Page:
Since 1973, Israel has cost the United States about $1.6 trillion.
If divided by today's population, that is more than $5,700 per person.
The Christian Science Monitor
December 09, 2002Since 1973, Israel has cost the United States about $1.6 trillion. If divided by today's population, that is more than $5,700 per person.This is an estimate by Thomas Stauffer, a consulting economist inWashington. For decades, his analyses of the Middle East scene have made hima frequent thorn in the side of the Israel lobby.For the first time in many years, Mr. Stauffer has tallied the total cost tothe US of its backing of Israel in its drawn-out, violent dispute with thePalestinians. So far, he figures, the bill adds up to more than twice thecost of the Vietnam War.And now Israel wants more.
In a meeting at the White House late last month,Israeli officials made a pitch for $4 billion in additional military aid todefray the rising costs of dealing with the intifada and suicide bombings.They also asked for more than $8 billion in loan guarantees to help thecountry's recession-bound economy.
Considering Israel's deep economic troubles, Stauffer doubts the Israelbonds covered by the loan guarantees will ever be repaid. The bonds arelikely to be structured so they don't pay interest until they reachmaturity. If Stauffer is right, the US would end up paying both principaland interest, perhaps 10 years out.
Israel's request could be part of a supplemental spending bill that's likelyto be passed early next year, perhaps wrapped in with the cost of a war withIraq.Israel is the largest recipient of US foreign aid. It is already due to get$2.04 billion in military assistance and $720 million in economic aid infiscal 2003.
It has been getting $3 billion a year for years.Adjusting the official aid to 2001 dollars in purchasing power, Israel hasbeen given $240 billion since 1973, Stauffer reckons. In addition, the UShas given Egypt $117 billion and Jordan $22 billion in foreign aid in returnfor signing peace treaties with Israel."Consequently, politically, if not administratively, those outlays are partof the total package of support for Israel," argues Stauffer in a lecture onthe total costs of US Middle East policy, commissioned by the US Army WarCollege, for a recent conference at the University of Maine.
These foreign-aid costs are well known. Many Americans would probably say itis money well spent to support a beleaguered democracy of some strategicinterest. But Stauffer wonders if Americans are aware of the full bill forsupporting Israel since some costs, if not hidden, are little known.
One huge cost is not secret. It is the higher cost of oil and other economicdamage to the US after Israel-Arab wars.In 1973, for instance, Arab nations attacked Israel in an attempt to winback territories Israel had conquered in the 1967 war. President Nixonresupplied Israel with US arms, triggering the Arab oil embargo against theUS.That shortfall in oil deliveries kicked off a deep recession. The US lost$420 billion (in 2001 dollars) of output as a result, Stauffer calculates.And a boost in oil prices cost another $450 billion.
Afraid that Arab nations might use their oil clout again, the US set up aStrategic Petroleum Reserve. That has since cost, conservatively, $134billion, Stauffer reckons.Other US help includes:. US Jewish charities and organizations have remitted grants or boughtIsrael bonds worth $50 billion to $60 billion. Though private in origin, themoney is "a net drain" on the United States economy, says Stauffer..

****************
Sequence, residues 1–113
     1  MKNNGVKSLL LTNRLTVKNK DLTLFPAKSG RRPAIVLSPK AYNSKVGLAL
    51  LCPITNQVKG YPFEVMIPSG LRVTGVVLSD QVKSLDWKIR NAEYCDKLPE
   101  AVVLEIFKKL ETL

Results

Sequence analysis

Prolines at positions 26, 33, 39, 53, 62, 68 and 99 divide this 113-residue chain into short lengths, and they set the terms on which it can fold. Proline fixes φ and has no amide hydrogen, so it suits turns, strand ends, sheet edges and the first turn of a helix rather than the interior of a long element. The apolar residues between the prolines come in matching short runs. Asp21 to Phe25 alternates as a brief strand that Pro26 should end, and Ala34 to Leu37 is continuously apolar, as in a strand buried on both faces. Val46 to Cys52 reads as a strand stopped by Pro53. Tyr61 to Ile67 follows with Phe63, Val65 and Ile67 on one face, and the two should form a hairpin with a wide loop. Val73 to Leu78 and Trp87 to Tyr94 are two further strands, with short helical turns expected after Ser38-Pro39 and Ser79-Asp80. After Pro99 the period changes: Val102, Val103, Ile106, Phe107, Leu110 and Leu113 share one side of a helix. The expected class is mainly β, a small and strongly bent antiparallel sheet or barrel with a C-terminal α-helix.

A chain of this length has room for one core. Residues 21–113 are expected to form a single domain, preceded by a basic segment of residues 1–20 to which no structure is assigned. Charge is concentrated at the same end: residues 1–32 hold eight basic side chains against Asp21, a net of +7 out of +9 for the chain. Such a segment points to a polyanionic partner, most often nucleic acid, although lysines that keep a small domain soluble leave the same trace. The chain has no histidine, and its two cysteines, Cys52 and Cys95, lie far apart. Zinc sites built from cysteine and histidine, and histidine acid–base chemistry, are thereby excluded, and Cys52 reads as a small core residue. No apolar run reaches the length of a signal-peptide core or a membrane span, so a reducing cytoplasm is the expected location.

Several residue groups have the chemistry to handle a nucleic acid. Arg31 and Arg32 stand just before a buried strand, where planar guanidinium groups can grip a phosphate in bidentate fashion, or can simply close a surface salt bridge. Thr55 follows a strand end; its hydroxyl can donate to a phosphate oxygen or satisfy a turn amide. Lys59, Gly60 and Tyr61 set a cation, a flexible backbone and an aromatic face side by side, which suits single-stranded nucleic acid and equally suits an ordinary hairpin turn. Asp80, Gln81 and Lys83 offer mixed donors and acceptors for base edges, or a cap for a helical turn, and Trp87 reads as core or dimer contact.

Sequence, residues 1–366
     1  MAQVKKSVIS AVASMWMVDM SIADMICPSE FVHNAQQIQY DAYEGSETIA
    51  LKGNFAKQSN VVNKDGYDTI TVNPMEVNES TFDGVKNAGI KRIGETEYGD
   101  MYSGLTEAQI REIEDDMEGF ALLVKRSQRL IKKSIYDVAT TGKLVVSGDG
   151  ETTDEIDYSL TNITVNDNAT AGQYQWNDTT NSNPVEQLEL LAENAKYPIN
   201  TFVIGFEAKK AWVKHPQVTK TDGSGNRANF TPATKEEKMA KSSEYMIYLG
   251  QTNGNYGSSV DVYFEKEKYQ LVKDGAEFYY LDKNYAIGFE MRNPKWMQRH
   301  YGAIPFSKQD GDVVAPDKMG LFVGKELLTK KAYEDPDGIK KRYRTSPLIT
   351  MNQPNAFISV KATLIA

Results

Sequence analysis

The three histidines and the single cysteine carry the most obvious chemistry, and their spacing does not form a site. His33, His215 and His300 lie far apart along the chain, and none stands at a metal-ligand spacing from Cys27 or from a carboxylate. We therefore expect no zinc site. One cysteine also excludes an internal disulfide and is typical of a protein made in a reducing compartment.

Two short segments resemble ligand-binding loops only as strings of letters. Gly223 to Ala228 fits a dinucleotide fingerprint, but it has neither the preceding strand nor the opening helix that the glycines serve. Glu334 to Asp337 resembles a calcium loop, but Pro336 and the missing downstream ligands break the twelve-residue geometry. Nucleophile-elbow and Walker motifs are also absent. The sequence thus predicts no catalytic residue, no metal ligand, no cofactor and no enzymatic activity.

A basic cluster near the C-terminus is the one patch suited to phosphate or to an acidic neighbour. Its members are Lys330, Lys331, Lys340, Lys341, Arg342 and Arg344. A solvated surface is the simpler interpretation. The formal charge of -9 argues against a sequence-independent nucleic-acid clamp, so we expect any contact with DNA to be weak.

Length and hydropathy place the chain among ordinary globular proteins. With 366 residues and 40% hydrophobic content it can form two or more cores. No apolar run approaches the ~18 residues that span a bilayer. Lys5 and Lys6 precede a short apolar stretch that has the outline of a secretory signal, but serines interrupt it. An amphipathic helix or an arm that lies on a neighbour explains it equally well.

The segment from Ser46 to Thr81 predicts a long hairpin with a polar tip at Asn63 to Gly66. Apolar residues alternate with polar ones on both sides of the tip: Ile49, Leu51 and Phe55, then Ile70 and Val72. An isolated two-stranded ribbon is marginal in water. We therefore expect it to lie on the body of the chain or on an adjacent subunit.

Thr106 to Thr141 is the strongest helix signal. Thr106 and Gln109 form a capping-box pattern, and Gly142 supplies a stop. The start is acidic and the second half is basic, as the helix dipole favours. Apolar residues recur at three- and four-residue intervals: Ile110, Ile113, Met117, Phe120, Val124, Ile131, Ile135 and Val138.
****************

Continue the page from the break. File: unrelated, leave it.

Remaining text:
The US has already guaranteed $10 billion in commercial loans to Israel,and $600 million in "housing loans." (See editor's note below.) Staufferexpects the US Treasury to cover these.. The US has given $2.5 billion to support Israel's Lavi fighter and Arrowmissile projects.. Israel buys discounted, serviceable "excess" US military equipment.Stauffer says these discounts amount to "several billion dollars" overrecent years..
Israel uses roughly 40 percent of its $1.8 billion per year in militaryaid, ostensibly earmarked for purchase of US weapons, to buy Israeli-madehardware. It also has won the right to require the Defense Department or USdefense contractors to buy Israeli-made equipment or subsystems, paying 50to 60 cents on every defense dollar the US gives to Israel.US help, financial and technical, has enabled Israel to become a majorweapons supplier.
Weapons make up almost half of Israel's manufacturedexports. US defense contractors often resent the buy-Israel requirements andthe extra competition subsidized by US taxpayers.. US policy and trade sanctions reduce US exports to the Middle East about$5 billion a year, costing 70,000 or so American jobs, Stauffer estimates.
Not requiring Israel to use its US aid to buy American goods, as is usual inforeign aid, costs another 125,000 jobs.. Israel has blocked some major US arms sales, such as F-15 fighter aircraftto Saudi Arabia in the mid-1980s. That cost $40 billion over 10 years, saysStauffer.Stauffer's list will be controversial. He's been assisted in this researchby a number of mostly retired military or diplomatic officials who do not gopublic for fear of being labeled anti-Semitic if they criticize America'spolicies toward Israel.Comment: This article was published in 2002. Since then, the U.S. hascontinued to dump billions and billions of dollars on Israel, even as the USeconomy stumbles and millions of Americans struggle to find a job or makeends meet.
The question of why the U.S. supports Israel with obscene amounts of money and sacrifices the well-being of its own citizens has neverbeen answered; in fact, few have ever even dared to ask the question.
Thosewho have asked have been branded "anti-Semitic". Apparently, loyalty to theIsraeli Zionists takes precedence over loyalty to the American people in the eyes of the vast majority of recent U.S. leaders.